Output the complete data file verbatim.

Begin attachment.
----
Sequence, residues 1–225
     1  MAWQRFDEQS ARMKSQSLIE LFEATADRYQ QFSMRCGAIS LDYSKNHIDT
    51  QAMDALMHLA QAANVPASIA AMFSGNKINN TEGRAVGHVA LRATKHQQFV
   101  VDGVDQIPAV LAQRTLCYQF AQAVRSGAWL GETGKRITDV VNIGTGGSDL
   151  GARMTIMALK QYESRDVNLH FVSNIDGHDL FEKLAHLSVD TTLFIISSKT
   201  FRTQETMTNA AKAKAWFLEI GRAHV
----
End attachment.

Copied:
Sequence, residues 1–225
     1  MAWQRFDEQS ARMKSQSLIE LFEATADRYQ QFSMRCGAIS LDYSKNHIDT
    51  QAMDALMHLA QAANVPASIA AMFSGNKINN TEGRAVGHVA LRATKHQQFV
   101  VDGVDQIPAV LAQRTLCYQF AQAVRSGAWL GETGKRITDV VNIGTGGSDL
   151  GARMTIMALK QYESRDVNLH FVSNIDGHDL FEKLAHLSVD TTLFIISSKT
   201  FRTQETMTNA AKAKAWFLEI GRAHV